News Corp’s response to concerns about the company’s approach to corporate governance shows that shareholder concern in this area needs to be taken increasingly seriously. Francis Wilkins reports
News Corporation’s recent turnaround in response to concerns about the company’s corporate governance provisions provides further evidence of the significance of governance issues to the way companies conduct themselves.
Two key corporate governance bodies, the Australian Council of Superannuation Investors (ACSI), which advises small funds, and Corporate Governance International (CGI), which advises major institutional investors, raised concerns that Rupert Murdoch’s plans to relocate the company to the US would weaken minority shareholders’ rights.
Specifically, the organisations voiced concerns — subsequently shared by the US corporate governance advisory agency, the Institutional Shareholder Services (ISS) — that the Murdoch clan might either increase their 29 per cent stake to full control or sell that stake to another group without making a similar offer to existing shareholders. The corporate governance bodies were also worried that News Corp might delist from the Australian Stock Exchange (ASX) and issue “super voting” shares without shareholder approval in order to shore up the Murdoch position.
Recently, the governance bodies called on News to adopt shareholder protection provisions from the Corporations Act 2001 and the ASX listing rules over those of the New York Stock Exchange and the incorporation rules of Delaware. (It is Delaware’s flexible corporate governance provisions, among other things, that prompt so many companies to incorporate there).
With solid shareholder support necessary for News to make the move to the US, it quickly became clear the company would need to make changes to its proposed US constitution. Approval of the move requires 75 per cent by value of shareholder votes cast and 50 per cent by number of votes cast. News Corp promised shareholders, however, that they had no need to worry about its delisting from the ASX or any of the other concerns raised by the funds managers.
The company’s response and reworking of its relocation plans seems to have gone down well with the advisory groups. Murdoch has promised the family would not sell shares to a third party without a takeover bid if that party were to end up with a more than 20 per cent stake; News Corp will have a full foreign listing on the ASX; and super voting shares will not be issued without approval of the shareholders. Shareholders with a greater than 20 per cent stake will also be able to call an extraordinary general meeting. ACSI and CGI will be advising institutional investors on whether to back the new plan at a meeting on 26 October.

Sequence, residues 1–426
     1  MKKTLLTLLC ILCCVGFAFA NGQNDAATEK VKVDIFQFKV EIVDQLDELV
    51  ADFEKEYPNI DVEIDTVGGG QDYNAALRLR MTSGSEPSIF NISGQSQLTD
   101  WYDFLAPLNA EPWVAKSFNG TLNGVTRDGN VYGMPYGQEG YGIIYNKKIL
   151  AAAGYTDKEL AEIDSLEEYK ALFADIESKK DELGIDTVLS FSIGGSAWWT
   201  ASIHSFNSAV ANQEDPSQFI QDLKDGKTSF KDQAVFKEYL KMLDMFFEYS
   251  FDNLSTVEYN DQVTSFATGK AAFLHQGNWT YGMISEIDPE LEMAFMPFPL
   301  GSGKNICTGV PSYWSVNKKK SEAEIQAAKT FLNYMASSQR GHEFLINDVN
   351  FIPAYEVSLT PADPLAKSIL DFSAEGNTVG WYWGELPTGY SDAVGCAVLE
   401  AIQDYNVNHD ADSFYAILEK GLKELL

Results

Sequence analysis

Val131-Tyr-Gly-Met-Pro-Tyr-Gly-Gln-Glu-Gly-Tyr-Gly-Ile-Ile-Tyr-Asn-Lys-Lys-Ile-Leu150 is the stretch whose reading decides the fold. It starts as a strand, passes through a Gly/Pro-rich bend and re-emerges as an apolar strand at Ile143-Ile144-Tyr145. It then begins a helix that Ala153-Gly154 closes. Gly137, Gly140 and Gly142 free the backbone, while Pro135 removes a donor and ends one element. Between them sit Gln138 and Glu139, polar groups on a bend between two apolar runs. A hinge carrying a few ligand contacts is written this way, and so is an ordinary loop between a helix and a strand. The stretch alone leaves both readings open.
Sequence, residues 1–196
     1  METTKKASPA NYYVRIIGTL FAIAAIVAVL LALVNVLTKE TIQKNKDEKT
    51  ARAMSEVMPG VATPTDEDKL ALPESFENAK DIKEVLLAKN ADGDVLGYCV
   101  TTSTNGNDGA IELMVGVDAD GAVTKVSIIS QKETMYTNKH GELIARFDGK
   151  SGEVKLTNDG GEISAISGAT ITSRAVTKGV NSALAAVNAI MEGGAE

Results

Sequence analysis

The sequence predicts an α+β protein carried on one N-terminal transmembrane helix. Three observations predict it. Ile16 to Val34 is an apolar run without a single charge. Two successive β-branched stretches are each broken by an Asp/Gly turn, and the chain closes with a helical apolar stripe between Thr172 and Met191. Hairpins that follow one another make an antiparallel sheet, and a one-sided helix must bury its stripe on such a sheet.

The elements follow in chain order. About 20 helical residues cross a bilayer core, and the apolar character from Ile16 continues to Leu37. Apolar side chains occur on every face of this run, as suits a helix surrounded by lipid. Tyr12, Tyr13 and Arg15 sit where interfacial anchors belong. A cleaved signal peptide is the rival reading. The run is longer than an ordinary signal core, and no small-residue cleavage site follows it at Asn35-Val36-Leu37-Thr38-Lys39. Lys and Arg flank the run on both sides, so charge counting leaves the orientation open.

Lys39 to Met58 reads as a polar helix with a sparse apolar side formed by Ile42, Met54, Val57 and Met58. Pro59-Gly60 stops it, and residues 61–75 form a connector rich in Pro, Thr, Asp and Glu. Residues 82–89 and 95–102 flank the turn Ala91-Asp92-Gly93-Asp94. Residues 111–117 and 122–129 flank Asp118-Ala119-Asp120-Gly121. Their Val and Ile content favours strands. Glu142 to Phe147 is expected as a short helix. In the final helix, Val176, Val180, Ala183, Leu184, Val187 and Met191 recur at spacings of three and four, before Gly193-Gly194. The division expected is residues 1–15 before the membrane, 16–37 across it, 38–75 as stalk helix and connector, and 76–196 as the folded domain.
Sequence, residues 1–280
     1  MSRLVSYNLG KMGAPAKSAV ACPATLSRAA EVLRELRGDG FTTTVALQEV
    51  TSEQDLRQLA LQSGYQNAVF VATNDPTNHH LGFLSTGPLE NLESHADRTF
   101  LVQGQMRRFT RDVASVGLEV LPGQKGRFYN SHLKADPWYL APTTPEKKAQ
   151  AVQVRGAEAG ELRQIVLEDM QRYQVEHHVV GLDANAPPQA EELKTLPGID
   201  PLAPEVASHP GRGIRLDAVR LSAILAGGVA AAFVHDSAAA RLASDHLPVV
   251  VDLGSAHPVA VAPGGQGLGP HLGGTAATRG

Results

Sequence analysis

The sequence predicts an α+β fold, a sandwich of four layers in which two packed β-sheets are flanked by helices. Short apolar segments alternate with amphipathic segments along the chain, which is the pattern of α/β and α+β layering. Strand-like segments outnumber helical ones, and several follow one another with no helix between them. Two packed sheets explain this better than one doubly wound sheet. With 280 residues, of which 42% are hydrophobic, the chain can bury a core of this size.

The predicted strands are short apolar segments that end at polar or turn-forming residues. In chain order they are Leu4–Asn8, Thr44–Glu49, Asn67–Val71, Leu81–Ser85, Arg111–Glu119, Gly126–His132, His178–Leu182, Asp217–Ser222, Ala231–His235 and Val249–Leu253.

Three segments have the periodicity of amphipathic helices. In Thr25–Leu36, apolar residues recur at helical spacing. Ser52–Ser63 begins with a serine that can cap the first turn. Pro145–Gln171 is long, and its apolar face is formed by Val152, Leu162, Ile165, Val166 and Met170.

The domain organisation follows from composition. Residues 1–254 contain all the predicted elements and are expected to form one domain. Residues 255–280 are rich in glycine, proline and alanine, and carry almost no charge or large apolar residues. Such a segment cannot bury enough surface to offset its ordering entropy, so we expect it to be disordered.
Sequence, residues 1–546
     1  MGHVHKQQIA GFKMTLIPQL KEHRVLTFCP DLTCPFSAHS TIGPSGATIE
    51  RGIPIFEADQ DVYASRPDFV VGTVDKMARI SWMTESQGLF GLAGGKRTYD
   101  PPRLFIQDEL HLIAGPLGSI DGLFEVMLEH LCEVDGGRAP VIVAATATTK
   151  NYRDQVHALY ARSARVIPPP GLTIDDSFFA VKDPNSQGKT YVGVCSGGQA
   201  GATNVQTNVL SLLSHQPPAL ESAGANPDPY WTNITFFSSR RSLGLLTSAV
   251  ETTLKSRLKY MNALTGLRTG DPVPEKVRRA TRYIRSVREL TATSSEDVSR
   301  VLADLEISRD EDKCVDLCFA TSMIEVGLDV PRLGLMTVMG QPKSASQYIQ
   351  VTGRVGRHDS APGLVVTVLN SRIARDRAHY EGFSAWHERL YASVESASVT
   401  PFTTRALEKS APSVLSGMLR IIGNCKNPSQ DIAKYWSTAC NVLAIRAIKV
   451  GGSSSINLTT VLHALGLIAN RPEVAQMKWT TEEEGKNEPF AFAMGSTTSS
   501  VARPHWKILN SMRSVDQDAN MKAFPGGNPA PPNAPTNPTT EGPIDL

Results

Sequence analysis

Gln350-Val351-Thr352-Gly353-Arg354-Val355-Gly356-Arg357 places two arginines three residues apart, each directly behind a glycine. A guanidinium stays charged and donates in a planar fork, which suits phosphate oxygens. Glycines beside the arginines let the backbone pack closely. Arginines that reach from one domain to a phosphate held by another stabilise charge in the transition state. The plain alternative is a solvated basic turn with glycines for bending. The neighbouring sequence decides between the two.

Of course, News’ proposed re-incorporation was always going to be controversial, but it appears that on this issue at least, Murdoch may have got the institutional investors on side.
In the US, however, ISS looks set to raise the stakes a little. The advisory body is backing the new plan and has advised clients to support it. The caveat is that ISS has also called for News Corp to improve its corporate governance regime still further, and if the company fails to do so then ISS will push for board directors not to be elected next year. The organisation is concerned about board independence and has indicated it will use its considerable muscle to ensure the issue is addressed. ISS also wants a more transparent succession planning process for the company.
So, far from being able to rest easy regarding News Corp’s relationship with its institutional investors, the company will likely be looking at what steps it will need to take to ramp up its corporate governance program to meet their concerns in the short to medium term. For other corporate players, it’s a case study of the extent to which shareholder concerns regarding corporate governance can affect a company’s business strategy and goals.